Sunday, May 19, 2013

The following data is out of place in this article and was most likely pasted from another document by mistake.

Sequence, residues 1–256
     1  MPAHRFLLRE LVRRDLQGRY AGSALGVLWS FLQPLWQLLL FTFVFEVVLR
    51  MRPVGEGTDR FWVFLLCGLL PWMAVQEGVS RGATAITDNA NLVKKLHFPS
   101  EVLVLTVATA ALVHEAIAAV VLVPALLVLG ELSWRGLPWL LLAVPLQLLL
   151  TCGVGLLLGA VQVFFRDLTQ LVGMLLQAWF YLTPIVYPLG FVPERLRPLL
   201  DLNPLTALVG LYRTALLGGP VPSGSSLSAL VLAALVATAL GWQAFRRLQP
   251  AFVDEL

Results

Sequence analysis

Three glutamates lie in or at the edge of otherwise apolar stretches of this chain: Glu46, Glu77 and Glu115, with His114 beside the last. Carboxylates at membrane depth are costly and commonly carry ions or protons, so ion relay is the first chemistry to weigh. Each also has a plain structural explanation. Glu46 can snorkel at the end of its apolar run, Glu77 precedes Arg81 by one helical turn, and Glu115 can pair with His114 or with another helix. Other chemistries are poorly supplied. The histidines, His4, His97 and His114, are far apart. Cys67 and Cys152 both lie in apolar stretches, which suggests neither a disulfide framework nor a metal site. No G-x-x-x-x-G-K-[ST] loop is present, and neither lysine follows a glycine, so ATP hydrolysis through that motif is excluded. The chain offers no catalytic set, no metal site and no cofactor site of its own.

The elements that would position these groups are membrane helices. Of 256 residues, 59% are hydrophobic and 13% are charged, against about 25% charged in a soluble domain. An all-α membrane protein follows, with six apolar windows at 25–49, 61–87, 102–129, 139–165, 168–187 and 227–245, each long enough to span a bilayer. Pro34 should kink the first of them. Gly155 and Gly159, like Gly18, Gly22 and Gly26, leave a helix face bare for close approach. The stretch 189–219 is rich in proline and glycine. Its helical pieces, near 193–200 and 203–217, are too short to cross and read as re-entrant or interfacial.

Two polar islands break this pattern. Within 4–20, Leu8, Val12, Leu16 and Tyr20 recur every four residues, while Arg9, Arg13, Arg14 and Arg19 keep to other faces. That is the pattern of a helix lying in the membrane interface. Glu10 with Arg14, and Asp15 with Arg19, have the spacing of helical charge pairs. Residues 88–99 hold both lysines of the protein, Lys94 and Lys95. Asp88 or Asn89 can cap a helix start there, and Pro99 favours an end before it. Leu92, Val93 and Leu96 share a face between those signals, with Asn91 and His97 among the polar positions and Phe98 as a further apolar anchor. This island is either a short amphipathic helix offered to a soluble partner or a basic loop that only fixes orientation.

Endangered species day was this week. But I didn’t think about that much as I slid into Big Branch. I was last here in March and spring was flying by. The river was very different, again. Every river has a personality and Big Branch’s is all about change. Large woody debris is common and provides excellent cover for a variety of fish. It also forces water to take different paths which in turn carves new canyons into the sandy bottom, and fills old ones. Of the streams I regularly snorkel, Big Branch changes the most. A few sunnies nervously swam just ahead of me. A mixed assortment school of minnows: rosy sided dace, black nosed dace, common shiner, bridle shiner, fall fish hovered in the lee of a large log. Big fall fish held under bigger cover. I love fall fish based on their behavior. They always are as curious of me as I am of them and so the let me get in pretty close. Not like the river chubs holding on the bottom who dart off out of sight into deeper water as soon as they are noticed. One of the chubs did just that. As soon as I turned to see it partially tucked under a branch tiny in comparison to its robust body, it shot for a deeper pool. A trout rocketed upstream. I don’t think there is a more nervous fish. Northern hogsuckers scoured the gravel and a few darters, possibly two different species, bounced along the bottom. At the end of this 45 minute swim, I counted 13 different species of fish, and I realized this is all about endangered species. Endangered species designation is about maintaining diversity. Diverse systems are healthy and resilient systems. Things change. Incredibly abundant species can become imperiled. Unfortunately, there are excellent examples of this in our history. Look at passenger pigeons, or more recently, Susquehanna smallies. Every time I snorkel Big Branch I am amazed at the diversity it contains, and I try not to take it for granted. There is an endangered species day for a reason. Fortunately today was dominated by diversity on Big Branch.